Have you been told to love your spouse more than yourself?
Have you heard you can’t have a good marriage unless you push your needs and desires to the back of the line, permanently?
Have you been shamed for having normal human yearnings – like wanting to be honored and respected, needing safety, peace and fidelity?
Have you heard that as Christians, we’re supposed to love others more than we love ourselves? That loving others more is the second commandment?
Well, here’s some fun truth: God didn’t actually say that. Matthew 22:39 doesn’t say we love others more than we love ourselves. Jesus says, “Love your neighbor as yourself.'”
Love for self is used to clarify how we love others. Love for self shapes our love for others.
Is it good to love your partner more than yourself?
Here’s the thing.
If we’re not exploring and accepting our own sense of worth, dignity, and innate value as children of God and as human beings, we’re going to struggle to explore and resolve the worth and dignity, and personhood of others.
We’re just not able to “export” what we’re not cultivating from within.
And no, loving ourselves first doesn’t automatically mean we’ll become thoughtless and self-centered. We could, but that’s just another unhealthy path. The possibility of pitching into that other harmful side doesn’t discredit the reality of a healthy, godly medium.
Love for self is right up God’s command to love others the way we love ourselves. There’s an assumption about “self-love.”
Mark you, a healthy love for self is not as automatic as we imagine. Human beings often have wounds, trauma, and inaccurate beliefs that mar how we view God (our Creator), impacting how we see ourselves (created).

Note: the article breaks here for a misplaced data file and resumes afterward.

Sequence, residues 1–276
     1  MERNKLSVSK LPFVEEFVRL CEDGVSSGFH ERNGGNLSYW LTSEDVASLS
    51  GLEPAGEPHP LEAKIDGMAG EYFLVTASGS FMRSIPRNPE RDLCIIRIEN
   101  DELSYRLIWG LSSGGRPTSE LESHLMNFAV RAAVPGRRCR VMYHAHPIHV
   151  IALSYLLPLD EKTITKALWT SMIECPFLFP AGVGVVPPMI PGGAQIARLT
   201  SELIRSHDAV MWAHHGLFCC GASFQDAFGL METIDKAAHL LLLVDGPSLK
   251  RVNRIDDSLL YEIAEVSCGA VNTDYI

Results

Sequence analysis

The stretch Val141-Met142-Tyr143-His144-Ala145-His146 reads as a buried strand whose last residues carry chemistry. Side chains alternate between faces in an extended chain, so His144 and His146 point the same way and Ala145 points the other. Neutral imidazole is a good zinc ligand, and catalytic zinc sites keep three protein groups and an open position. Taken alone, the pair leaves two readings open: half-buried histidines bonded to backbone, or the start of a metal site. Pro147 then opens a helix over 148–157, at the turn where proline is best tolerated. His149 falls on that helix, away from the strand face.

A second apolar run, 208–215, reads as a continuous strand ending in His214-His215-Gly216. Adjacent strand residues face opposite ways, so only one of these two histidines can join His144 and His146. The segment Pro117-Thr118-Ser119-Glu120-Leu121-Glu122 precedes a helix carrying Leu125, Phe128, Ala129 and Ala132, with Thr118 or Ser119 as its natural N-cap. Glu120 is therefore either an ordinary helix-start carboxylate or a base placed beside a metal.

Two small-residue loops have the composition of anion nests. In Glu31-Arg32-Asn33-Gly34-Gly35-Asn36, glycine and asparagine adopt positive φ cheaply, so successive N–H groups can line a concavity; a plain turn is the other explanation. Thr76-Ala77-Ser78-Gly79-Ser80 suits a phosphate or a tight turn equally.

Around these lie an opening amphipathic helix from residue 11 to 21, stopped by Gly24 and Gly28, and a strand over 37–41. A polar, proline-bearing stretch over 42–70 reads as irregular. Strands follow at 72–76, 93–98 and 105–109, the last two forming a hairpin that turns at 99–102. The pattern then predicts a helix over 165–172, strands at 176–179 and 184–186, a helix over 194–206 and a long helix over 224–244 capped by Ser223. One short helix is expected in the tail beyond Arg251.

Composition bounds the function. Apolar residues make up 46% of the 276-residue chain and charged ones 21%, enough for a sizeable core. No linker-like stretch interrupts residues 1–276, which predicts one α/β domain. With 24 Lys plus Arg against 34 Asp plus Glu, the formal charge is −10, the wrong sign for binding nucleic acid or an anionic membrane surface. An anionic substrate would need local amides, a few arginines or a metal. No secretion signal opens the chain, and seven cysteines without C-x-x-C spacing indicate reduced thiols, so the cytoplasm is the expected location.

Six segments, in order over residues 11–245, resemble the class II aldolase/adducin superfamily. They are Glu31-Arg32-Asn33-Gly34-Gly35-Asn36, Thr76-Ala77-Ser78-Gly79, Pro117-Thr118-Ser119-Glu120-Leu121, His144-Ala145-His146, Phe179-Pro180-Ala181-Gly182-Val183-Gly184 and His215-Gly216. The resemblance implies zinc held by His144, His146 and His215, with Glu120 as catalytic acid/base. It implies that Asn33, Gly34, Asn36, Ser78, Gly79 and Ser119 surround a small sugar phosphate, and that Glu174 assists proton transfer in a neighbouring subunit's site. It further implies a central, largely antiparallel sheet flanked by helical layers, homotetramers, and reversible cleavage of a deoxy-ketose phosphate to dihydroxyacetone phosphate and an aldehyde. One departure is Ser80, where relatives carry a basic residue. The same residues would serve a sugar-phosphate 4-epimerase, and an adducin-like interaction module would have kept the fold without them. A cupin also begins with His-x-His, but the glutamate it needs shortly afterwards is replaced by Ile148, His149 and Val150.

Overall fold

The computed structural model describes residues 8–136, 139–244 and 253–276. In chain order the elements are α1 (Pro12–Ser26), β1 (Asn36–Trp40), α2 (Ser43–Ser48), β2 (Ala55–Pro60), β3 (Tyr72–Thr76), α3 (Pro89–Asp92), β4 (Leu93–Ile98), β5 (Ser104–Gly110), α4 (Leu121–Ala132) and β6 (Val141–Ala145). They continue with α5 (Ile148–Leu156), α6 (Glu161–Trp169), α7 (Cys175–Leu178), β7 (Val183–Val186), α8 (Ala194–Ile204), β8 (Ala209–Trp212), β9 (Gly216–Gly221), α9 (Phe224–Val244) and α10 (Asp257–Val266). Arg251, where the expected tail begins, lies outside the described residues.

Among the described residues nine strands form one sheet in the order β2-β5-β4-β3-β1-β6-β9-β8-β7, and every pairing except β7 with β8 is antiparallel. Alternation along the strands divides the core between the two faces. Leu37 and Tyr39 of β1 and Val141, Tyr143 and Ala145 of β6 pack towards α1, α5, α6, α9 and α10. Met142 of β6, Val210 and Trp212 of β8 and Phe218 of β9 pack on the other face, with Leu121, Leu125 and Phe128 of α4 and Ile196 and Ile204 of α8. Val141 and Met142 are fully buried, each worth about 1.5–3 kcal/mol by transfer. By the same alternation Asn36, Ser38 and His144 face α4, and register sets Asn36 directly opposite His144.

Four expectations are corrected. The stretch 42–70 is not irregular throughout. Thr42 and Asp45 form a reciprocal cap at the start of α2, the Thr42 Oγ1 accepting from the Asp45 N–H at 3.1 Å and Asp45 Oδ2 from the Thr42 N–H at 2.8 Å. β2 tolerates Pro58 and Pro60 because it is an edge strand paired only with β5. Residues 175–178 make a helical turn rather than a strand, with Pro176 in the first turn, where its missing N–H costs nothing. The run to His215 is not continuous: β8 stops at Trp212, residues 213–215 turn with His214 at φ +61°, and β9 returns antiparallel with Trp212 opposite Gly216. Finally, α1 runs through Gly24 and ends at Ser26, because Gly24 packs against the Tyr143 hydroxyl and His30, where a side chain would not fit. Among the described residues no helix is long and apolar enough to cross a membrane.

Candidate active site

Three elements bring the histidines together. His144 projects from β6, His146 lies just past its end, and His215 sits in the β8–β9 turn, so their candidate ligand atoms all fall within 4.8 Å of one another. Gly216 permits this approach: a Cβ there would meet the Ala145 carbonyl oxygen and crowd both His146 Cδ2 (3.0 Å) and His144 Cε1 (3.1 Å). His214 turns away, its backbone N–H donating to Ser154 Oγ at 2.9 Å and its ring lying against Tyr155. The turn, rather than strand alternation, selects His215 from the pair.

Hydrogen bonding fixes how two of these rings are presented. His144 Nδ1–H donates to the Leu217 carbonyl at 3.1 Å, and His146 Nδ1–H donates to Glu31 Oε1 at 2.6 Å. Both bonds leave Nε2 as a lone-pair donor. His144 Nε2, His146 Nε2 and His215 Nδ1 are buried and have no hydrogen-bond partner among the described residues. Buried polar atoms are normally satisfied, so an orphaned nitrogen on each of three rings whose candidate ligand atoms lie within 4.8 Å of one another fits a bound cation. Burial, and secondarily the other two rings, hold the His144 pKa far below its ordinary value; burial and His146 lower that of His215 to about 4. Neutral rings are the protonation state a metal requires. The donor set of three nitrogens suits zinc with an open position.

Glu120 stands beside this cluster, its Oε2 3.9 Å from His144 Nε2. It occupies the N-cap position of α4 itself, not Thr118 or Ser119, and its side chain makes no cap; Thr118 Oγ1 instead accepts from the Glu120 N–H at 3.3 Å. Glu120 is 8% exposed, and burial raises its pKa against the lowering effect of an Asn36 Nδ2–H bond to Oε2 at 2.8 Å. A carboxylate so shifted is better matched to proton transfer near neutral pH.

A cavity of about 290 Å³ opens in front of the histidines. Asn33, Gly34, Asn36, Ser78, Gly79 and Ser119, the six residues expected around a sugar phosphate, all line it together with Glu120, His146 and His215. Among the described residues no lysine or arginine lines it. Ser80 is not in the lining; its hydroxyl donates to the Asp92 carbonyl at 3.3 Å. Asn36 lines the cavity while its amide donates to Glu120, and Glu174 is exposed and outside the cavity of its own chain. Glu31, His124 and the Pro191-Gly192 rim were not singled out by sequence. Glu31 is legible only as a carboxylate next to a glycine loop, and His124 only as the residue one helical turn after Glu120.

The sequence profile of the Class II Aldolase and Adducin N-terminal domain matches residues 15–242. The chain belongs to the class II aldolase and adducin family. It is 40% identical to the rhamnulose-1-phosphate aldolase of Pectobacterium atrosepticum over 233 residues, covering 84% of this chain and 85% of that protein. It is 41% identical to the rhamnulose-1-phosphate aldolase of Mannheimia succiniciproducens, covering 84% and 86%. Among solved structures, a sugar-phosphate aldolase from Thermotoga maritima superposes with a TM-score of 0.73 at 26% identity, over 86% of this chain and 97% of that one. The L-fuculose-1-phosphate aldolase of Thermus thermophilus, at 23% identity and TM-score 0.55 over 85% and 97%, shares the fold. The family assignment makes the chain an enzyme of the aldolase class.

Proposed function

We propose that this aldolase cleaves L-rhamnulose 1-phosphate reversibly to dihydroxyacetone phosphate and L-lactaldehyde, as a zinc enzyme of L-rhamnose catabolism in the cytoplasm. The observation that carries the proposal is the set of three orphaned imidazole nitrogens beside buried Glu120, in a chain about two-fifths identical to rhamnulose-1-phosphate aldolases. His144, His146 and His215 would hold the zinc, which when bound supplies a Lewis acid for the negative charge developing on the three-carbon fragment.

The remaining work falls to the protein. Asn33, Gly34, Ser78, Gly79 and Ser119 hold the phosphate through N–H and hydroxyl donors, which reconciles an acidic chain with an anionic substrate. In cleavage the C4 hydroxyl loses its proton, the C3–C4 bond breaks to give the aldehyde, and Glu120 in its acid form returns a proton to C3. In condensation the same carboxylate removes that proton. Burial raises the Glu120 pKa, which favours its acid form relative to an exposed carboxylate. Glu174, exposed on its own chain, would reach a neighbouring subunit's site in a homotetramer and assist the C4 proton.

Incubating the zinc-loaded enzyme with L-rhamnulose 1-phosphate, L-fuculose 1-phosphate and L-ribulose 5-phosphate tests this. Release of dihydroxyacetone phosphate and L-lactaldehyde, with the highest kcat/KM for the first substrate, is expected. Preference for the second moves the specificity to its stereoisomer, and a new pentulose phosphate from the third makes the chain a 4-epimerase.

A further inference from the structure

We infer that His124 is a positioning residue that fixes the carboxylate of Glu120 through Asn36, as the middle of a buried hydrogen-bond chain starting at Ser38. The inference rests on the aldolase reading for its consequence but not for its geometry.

(e.g., people who see God as detached and demanding might struggle with anxiety and perfectionism, which influences how they relate with themselves and others.)
However, when we begin to explore what it means to love from a healthy place (examining our own sense of worth and dignity, our needs and limitations), we can more easily discern whether what we’re receiving from others is love or UNlove.
We can more easily discern disrespect or harm.
Are you supposed to love your spouse unconditionally?
As Christians, we need to get comfortable with the truth that we can
- Love marriage AND call out unhealth in marriage.
- Love someone AND step away from a harmful vortex.
- Forgive (in our own time) AND not trust that individual again.
- Pray for change in a spouse AND safely advocate for ourselves and our needs in the relationship.
Valuing ourselves within a relationship will quickly clarify if the love we’re giving is being reciprocated. Being in tune with our own needs and giving those needs a voice is critical.
When our priorities are in order (we are healthily loving ourselves first), a relationship will orient to its actual condition.
Two resources to help you discern between safe Vs. toxic behavior in marriage:
1. Systems of Abuse: A Guide to Recognizing Toxic Behavior Patterns
In this eBook (affiliate link), author, speaker, abuse recovery coach Sarah McDugal outlines 13 categories of behavioral patterns, giving simple, tangible illustrations for each category. Abuse can be difficult to identify, especially if you have been conditioned to see it as normal. Check it out here.
2. Systems of Love & Honor: A Guide to Recognizing Safe Relationships
In this eBook (affiliate link), author, speaker, abuse recovery coach Sarah McDugal outlines 13 behavior patterns that make relationships safe. When mistreatment is “normal”, it’s hard to know what safe looks like. Systems of Love & Honor illustrates simple, easy-to-understand actions and attitudes that reflect God’s intention for safe loving relationships. Check it out here.